Wow.. just wow. Those really are the only words to describe the Grand Master Krak Zoa. While beauty is always subjective, there really is nothing else like a colony of this beautiful coral. Its relatively large polyps have a light blue mouth surrounded by a purple center and then topped off by circles of pink, orange and dark purple. It’s skirt is a gorgeous combination of green and yellow. It is a colonial coral and grows by budding. This means that a single polyp can become a colony quite quickly. The polyps generally grow quite close together and create a beautiful carpet effect.
Zoas are found in a wide variety of tropical and subtropical ocean environments but the vast majority of what is available for sale in the saltwater hobby is aquacultured. Specimens of very specific and well known colour morphs, such as Grand Master Krak, are always available as aquacultured frags rather than being wild collected. Aquaculturing ensures a uniformity among specimens and also allows for the selective breeding of morphs that are adapted to living in aquariums. Generally zoas are placed on rock islands to prevent them from growing out of control, but this coral is so beautiful that some hobbyists want them to grow on the main rockwork. Multiple zoa rocks can also be placed together on the substrate to form a beautiful zoa garden and the Grand Master Krak makes a stunning centerpiece for any zoa garden. We carry a Frag Plug Rock Holder that makes zoa gardens a breeze!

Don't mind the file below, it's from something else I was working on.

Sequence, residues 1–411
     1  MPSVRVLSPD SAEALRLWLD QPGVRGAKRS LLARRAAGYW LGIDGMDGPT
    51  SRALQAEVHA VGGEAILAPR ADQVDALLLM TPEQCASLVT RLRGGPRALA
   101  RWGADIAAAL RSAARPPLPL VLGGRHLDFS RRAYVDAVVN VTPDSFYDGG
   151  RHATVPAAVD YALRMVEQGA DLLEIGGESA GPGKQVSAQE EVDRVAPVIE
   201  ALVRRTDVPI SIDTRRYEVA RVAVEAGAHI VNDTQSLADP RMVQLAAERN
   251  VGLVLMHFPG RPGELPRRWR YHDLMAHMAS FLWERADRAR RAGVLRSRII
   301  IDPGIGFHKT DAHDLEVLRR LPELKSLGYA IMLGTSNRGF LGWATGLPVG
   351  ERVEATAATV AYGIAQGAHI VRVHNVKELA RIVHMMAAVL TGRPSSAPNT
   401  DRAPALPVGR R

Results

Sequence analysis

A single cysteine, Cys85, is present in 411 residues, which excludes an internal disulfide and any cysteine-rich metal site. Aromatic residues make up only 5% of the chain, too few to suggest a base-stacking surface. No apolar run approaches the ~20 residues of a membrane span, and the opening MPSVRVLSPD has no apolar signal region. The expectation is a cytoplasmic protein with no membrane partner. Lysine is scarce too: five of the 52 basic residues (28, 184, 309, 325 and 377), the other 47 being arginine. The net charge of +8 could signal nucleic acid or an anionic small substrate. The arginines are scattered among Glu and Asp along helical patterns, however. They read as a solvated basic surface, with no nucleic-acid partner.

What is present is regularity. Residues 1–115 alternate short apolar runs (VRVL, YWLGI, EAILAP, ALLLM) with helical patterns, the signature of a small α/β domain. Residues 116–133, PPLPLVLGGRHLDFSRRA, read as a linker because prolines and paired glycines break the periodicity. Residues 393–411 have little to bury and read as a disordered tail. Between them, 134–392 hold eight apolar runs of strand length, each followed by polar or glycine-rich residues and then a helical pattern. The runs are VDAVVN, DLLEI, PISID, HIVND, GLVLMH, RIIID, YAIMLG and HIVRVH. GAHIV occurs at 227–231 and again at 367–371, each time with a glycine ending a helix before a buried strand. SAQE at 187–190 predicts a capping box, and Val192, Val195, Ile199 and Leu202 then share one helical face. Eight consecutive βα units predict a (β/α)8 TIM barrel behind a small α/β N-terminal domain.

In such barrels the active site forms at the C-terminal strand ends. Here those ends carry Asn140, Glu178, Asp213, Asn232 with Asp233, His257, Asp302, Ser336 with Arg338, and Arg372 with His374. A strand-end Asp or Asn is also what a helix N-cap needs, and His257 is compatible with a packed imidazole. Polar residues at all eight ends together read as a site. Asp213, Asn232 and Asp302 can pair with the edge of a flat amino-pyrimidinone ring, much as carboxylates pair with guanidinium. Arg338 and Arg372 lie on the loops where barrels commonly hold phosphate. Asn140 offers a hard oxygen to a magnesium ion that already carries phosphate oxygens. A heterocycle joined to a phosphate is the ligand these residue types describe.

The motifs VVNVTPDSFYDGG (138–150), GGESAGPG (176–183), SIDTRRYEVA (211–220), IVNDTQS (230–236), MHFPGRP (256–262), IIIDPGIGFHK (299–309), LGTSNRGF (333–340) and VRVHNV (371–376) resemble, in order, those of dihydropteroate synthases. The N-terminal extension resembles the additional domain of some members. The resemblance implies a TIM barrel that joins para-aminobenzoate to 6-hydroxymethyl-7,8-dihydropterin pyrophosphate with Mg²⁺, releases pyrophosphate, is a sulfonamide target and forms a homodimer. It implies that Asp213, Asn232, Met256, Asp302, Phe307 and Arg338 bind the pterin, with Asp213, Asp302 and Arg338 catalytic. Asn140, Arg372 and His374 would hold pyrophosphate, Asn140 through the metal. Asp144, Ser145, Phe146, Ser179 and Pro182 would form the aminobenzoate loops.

Grand Master Kraks are fairly tolerant of a variety of lighting conditions and some report that they like higher levels of lights than other zoas, but they still should not be placed in very high light areas of the tank. This could cause the polyps to stay closed or even for the whole specimen to “melt”. Flow needs to be sufficient to prevent detritus from building up on the coral’s polyps but not so strong that the polyps are blown around violently. Flow levels that are too strong may even cause the polyps to remain closed.
Like all zoas, Grand Master Krak are photosynthetic, although they respond well to spot feeding. This will increase their growth rate and may improve colouration. They can be fed a general coral food such as Reef Roids, just remember to turn off the flow when feeding
Due to their speed of growth, fragging zoas is common but is a bit of an art form. Since they do not have a calcified skeleton that can be cut, polyps must be scraped from the rock and glued to a frag plug or piece of rubble rock. While this is relatively straightforward, it might be a good idea to practice on a less expensive zoa before trying to propagate a Grand Master Krak colony. It is a good idea to wear gloves and eye protection when handling any type of zoa as some do contain toxins.
For a hobbyist who desires the best of the best the Grand Master Krak is a must have. Its colours are unmatched and it will make any reef tank a true standout.